Besides, if I am any indication of what my forebears looked like, they must have been a sturdy lot, prone to being suspicious of Spandex. I highly doubt any of them would have eagerly embraced a chance to break out their Speedos.But, I do have a feeling my ancestors were big fans of beer. That is if my ancestors were anything like my current family members.
The last time I went back to the Midwest for a family reunion, my cousins had set up a wet bar in my grandmother’s basement, and they were serving mojitos. So, yeah, I’d say it’s safe to say my ancestors probably imbibed a few.On the day we visited The Beer Museum, it also happened to be packed full of tourists – mostly large tour groups. Probably also intent on honoring their ancestors by taking photos of themselves in front of the beer-shaped fountain.
The museum featured displays about the history of Tsingtao Beer Company as well as some dusty old equipment and posters detailing how beer is made.
And lots of rather somber looking wax figures doing somber looking beer making stuff.
Frankly, I can’t say I paid that much attention to all the displays because, hey, who really wants to learn stuff while on vacation?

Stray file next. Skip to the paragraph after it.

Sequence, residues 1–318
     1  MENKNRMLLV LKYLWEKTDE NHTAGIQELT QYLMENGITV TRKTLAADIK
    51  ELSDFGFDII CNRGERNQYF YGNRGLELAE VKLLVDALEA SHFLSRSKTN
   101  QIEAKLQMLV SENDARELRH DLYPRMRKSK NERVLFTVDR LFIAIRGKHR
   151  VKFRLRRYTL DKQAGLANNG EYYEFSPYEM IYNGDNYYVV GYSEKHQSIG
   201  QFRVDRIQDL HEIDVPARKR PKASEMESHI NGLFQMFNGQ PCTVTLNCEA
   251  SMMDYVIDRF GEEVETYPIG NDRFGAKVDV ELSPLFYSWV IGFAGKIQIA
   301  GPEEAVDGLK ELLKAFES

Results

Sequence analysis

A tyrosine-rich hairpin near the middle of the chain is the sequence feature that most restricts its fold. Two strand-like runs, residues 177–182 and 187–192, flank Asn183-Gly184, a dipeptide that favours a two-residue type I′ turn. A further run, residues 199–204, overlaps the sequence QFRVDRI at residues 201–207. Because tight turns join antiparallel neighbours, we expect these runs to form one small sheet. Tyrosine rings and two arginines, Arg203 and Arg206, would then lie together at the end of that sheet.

Honestly, I’d rather just believe my beer was manufactured by magical elves and fairies. And, apparently, according to the fine people at the Tsingtao Beer Museum, I’m really not that far off the mark.
Besides, I imagine all that museumy stuff would have been of little interest to my ancestors. They probably had a lot of fields to plow and cows to milk or something. They didn’t have time to waste looking at wort collecting troughs. I mean, seriously, who has that kind of time?
So I kind of just walked through the museum as quickly as possible, so I could get to the part where they serve you free beer and peanuts.After visiting the Beer Museum, my friend and I decided to hit up the Qingdao Wine Museum.
Again, for the ancestors.
And because it happened to be right down the street from the Beer Museum.
This museum also had an abundance of rather somber-looking wax figures.
Except, because there wasn’t a whole lot of English signage in the museum, I’m not entirely sure what any of these wax figures had to do with wine.